I'm trying to figure out what the physical meaning of divergence is for a vector field.(adsbygoogle = window.adsbygoogle || []).push({});

My textbook offered the following example: ifv= <u, v, w> represents the velocity field of a fluid flow, thendiv(v) evaluated at P = (x, y, z) represents the net rate of the change of mass of the fluid flowing from the point P per unit volume.

How is this possible? Velocity has units of [m/s]. Based on the definition of divergence,div(v) would have units of [m/s^2]. Where in the world do we get a unit of mass?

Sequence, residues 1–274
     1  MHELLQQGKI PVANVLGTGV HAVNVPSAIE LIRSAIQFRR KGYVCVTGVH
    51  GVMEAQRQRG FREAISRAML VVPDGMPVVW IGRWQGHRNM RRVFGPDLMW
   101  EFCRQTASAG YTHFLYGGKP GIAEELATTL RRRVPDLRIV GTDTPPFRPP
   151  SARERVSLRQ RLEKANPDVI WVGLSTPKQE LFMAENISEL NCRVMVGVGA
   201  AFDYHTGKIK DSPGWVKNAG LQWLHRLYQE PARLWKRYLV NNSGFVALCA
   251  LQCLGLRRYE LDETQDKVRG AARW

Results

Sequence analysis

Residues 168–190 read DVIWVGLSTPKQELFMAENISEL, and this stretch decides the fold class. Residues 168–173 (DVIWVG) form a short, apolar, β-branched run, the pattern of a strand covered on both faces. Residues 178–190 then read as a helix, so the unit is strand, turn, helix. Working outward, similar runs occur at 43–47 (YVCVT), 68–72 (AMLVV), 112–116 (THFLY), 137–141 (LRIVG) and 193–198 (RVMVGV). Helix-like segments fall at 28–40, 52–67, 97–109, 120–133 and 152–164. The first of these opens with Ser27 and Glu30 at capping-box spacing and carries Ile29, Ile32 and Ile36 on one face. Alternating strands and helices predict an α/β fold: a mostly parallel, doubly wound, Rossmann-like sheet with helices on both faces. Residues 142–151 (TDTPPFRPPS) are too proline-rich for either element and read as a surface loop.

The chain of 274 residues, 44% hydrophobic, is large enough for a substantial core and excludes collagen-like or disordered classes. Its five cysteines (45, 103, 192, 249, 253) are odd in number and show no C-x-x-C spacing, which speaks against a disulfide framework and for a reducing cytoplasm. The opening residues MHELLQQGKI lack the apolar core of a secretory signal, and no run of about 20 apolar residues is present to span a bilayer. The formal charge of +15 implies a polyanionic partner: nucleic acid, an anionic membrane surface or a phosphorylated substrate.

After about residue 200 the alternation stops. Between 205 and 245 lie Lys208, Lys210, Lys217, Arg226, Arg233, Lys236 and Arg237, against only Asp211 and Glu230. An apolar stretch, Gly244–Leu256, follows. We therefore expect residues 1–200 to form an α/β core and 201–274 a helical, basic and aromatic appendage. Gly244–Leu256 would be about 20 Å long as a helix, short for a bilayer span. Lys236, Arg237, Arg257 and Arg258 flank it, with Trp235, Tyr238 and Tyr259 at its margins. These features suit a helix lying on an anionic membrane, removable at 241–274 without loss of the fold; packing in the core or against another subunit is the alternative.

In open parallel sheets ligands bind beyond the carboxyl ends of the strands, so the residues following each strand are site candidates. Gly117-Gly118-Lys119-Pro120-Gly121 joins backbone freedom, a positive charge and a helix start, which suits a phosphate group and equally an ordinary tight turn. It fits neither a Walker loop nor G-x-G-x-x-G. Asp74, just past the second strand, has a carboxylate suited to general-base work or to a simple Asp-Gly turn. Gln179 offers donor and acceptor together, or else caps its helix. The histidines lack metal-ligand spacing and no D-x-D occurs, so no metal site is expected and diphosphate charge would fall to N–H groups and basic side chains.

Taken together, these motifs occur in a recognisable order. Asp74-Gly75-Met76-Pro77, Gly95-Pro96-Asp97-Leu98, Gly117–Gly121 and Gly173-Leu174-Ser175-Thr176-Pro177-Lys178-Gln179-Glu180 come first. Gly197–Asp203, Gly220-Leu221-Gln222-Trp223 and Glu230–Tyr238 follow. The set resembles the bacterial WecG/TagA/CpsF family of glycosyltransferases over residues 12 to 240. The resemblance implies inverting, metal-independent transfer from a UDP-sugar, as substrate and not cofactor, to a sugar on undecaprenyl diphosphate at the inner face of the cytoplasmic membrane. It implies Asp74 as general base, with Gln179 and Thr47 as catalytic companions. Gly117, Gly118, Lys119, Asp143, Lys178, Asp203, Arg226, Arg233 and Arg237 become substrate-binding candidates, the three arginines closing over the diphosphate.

I've been scouring the internet trying to find some clarification, but every source has been using either words like amount and volume interchangeably or talking about things like source/sink without clarifying what is meant.

Any help would be much appreciated.

**Physics Forums | Science Articles, Homework Help, Discussion**

The friendliest, high quality science and math community on the planet! Everyone who loves science is here!

# Physical interpretation of divergence

Loading...

Similar Threads for Physical interpretation divergence |
---|

I Divergent series question |

What is tensor calculus? |

**Physics Forums | Science Articles, Homework Help, Discussion**